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Legislation designed to ensure disability access to telecommunications technology re-introduced

July 31st, 2009  |  Deborah Hammonds

>In an attempt to make sure people with disabilities are not left behind as changes in technology race ahead, U.S. Representative Edward Markey (D-Mass) has re-introduced the Twenty-First Century Communications and Video Accessibility Act (H.R. 3101) (Act). According to a summary posted on the website THOMAS (http://thomas.loc.gov/), the Act’s goal is “to establish new safeguards for disability access to ensure that people with disabilities are not left behind as technology changes and the United States migrates to the next generation of Internet-based and digital communication technologies.”

Such legislation would no doubt impact litigation such as the lawsuit filed against Arizona State University (ASU) regarding a pilot program’s use of Amazon’s Kindle DX electronic reading device as a means of distributing electronic textbooks. Several institutions of higher education are deploying the Kindle DX as part of a pilot project to assess the role of electronic textbooks and reading devices in the classroom. The lawsuit, filed by the National Federation of the Blind (NFB) and the American Council of the Blind (ACB), alleges violations of the Americans with Disabilities Act and the Rehabilitation Act of 1973 because the Kindle DX cannot be used by blind students.

Although the Kindle DX features text-to-speech technology that can read textbooks aloud to blind students, the menus of the device are not accessible to the blind, making it impossible for a blind user to purchase books from Amazon’s Kindle store, select a book to read, activate the text-to-speech feature, and use the advanced reading functions available on the Kindle DX.

In addition to their ASU lawsuit, NFB and ACB also filed complaints with the Office for Civil Rights of the U.S. Department of Education and the Civil Rights Division of the U.S. Department of Justice, asking for investigations of the following five institutions: Case Western Reserve University, the Darden School of Business at the University of Virginia, Pace University, Princeton University and Reed College.

“Given the highly-advanced technology involved, there is no good reason that Amazon’s Kindle DX device should be inaccessible to blind students. Amazon could have used the same text-to-speech technology that reads e-books on the device aloud to make its menus accessible to the blind, but it chose not to do so. Worse yet, six American higher education institutions that are subject to federal laws requiring that they not discriminate against students with disabilities plan to deploy this device, even though they know that it cannot be used by blind students,” said NFB President Dr. Marc Maurer. He also said he hoped the matter could be resolved “in a manner that allows this exciting new reading technology to be made available to blind and sighted students alike.”

The objectives of the Twenty-First Century Communications and Video Accessibility Act include:

  • requiring mobile and other Internet-based telecommunications devices have accessible user interfaces, and offer people with disabilities use of a full range of text messaging and other popular services that are currently largely inaccessible;
  • providing people who are deaf-blind with vital but costly technologies they need to communicate electronically; and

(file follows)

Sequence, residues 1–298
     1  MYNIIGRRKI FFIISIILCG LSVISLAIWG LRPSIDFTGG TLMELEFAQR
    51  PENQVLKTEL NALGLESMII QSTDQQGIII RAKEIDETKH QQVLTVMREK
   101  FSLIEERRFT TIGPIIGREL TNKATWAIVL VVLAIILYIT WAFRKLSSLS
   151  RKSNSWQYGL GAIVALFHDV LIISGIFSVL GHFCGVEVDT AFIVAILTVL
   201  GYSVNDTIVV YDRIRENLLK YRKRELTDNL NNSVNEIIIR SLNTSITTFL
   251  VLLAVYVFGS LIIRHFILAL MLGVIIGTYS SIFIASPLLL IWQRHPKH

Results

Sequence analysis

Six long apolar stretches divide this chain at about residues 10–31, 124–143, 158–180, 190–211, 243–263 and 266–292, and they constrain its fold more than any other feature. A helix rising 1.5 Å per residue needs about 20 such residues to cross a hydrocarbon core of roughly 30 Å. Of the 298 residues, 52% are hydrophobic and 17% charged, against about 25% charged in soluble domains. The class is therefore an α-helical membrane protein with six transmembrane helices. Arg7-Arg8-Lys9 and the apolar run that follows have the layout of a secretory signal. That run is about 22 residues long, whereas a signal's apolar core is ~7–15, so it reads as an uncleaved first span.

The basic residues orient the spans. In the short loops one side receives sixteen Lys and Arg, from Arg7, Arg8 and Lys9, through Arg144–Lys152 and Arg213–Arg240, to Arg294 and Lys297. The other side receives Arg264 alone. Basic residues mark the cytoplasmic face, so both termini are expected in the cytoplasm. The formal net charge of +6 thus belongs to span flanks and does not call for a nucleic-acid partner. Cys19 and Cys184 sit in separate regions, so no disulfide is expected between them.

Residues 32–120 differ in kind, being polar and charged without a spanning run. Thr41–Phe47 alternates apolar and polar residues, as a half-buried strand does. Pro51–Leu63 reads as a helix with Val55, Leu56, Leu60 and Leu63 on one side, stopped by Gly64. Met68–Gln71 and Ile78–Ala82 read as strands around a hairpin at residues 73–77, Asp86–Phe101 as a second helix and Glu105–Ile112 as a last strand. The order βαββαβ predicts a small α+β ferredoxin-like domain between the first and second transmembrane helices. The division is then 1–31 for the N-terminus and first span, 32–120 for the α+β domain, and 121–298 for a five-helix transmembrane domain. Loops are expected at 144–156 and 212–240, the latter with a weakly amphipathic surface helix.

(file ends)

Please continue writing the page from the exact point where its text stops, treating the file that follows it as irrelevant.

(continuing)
• ensuring video programming offered via the Internet will be described, and call for all devices that receive and playback video programming to employ accessible user interfaces and allow ready access to description.

The Act, co-sponsored by U.S. Representatives Barbara Lee (Calif) and Linda T. Sanchez (Calif), was re-introduced on June 26, 2009.

It’s 9:00 AM: do you know where your employee records are?

July 29th, 2009  |  Connie Eyer

>Earlier this month, Connecticut Governor M. Jodi Rell signed into law An Act Concerning Consumer Privacy and Identity Theft (P.A. 09-239 (S.B. 838), L. 2009, effective Oct. 1, 2009), which is sure to have repercussions for employers in that state. Broadening the definitions of identity theft and “personal identifying information,” the legislation requires private employers to strengthen the security of job applications. In accordance with Section 10, each employer shall obtain and retain employment applications in a secure manner and shall employ reasonable measures to destroy or make unreadable such employment applications upon disposal. Such measures shall, at a minimum, include the shredding or other means of permanent destruction of such employment applications in a secure setting. Employers violating these provisions will be subject to a civil penalty of at least $500, not to exceed $500,000 for any single violation.

Do you know the record-retention laws that apply to your company? For starters, different state laws or operational requirements may have varying record-retention guidelines. Complicating the issue are questions like: How does an employer define an “applicant?” What exactly constitutes personnel records? Also, do the rules differ for unsolicited resumes or Internet applicants?

Many states have laws that require employers to retain particular records for a specified period of time; however, unsolicited resume retention is not specifically addressed in the laws of each individual state. For example, in Illinois, employers are required to maintain, among other things, resumes for one year from the date of application. Pennsylvania law requires all documents relating to employment including the applications of both successful and unsuccessful applicants must be preserved for 120 days following the filing of the forms. Wisconsin requires even longer retention: five years for all records relating to an applicants employment, including the original application.